The U.S. Department of Agriculture (USDA) said this morning that net farm income in the U.S. would fall 3.3% in 2012, to $114 billion from 2011’s record high net income of $116 billion. Net cash income is down 1.4% year-over-year, to $132.8 billion.
As the agency says:
Despite gains in almost all sources of farm income, large increases in farm expenditures, especially for purchased feed, have more than wiped out those price-led gains to farm income.
The largest part of the gain in farm income will come from federal and private insurance indemnity payments. Those payments are mostly related to losses in the 2010 crop year. Crop losses for the 2012 drought are not covered by federal insurance because Congress failed to pass a new farm bill. That may change once Congress turns its attention to something besides the fiscal cliff.
Higher prices for crops actually produced also contributed to farm income this year. Corn is expected to average about $1 a bushel more than in 2011, even though demand is down by 9%. Soybean production is down as well, but prices are about $2 a bushel more than last year. And in a bit of good news for consumers, the USDA notes that vegetable prices are lower in 2012. Beef and veal prices are expected to be higher in 2012, while milk prices are lower due to increases both in the number of dairy cows and in the amount of milk each cow produces.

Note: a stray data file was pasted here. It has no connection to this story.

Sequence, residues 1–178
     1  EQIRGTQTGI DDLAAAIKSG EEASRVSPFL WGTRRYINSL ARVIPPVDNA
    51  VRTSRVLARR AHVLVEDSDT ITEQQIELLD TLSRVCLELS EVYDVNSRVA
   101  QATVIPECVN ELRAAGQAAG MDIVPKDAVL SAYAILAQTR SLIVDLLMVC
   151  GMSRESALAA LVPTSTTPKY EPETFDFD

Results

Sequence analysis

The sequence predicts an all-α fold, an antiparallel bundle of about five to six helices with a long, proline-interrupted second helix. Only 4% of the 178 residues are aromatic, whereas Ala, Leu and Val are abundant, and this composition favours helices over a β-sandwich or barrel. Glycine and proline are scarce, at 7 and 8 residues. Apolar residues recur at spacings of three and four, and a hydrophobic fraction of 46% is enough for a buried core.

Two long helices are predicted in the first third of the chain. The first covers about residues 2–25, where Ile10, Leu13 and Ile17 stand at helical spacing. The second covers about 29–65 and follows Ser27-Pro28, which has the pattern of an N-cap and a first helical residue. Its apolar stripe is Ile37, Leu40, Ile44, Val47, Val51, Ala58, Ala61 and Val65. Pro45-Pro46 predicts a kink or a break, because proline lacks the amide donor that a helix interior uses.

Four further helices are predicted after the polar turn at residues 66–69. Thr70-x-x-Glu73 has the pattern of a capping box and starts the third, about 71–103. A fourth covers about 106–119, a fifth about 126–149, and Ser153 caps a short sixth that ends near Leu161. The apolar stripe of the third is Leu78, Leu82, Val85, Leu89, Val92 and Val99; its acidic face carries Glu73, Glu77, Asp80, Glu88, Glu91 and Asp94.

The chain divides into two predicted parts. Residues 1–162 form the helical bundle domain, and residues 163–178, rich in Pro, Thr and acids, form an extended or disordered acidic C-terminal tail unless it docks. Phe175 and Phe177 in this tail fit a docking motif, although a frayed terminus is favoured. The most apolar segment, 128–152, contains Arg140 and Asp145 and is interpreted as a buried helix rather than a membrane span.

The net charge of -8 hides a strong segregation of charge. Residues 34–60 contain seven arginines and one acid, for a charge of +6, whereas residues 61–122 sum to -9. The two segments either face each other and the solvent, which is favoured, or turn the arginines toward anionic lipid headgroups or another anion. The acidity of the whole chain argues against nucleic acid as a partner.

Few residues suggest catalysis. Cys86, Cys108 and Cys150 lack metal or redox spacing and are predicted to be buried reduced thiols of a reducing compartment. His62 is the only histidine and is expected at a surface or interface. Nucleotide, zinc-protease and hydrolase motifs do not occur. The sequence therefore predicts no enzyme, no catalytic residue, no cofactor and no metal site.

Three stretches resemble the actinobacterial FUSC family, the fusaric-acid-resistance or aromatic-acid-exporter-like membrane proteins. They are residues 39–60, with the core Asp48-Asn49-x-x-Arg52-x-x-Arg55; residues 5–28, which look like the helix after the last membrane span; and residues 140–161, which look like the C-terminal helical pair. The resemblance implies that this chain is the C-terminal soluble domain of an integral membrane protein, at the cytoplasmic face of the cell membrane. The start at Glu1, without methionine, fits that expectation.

On the expenses side of the ledger, total production expenses are forecast to rise 7.6% in 2012 to $23.5 billion following an 8.9% jump in 2011 to $25.3 billion. Here’s the bad news on costs:
Total expenses in 2012 fall into a string of large year-to-year movements that have taken place since 2002, and would reach another record-high level in nominal dollars. Since 2002, nominal total production expenses have risen $143 billion (74.5 percent). In inflation-adjusted dollars, 2012 production expenses will eclipse the previous peak reached in 1979.
For an individual farm household, 2012 median income is forecast to rise to $57,645 in 2012, up 1% from $57,050 in 2011. The USDA notes that most small farm operators rely heavily on off-farm income, which is expected to rise 3.4% in 2012.
The USDA reports are available here.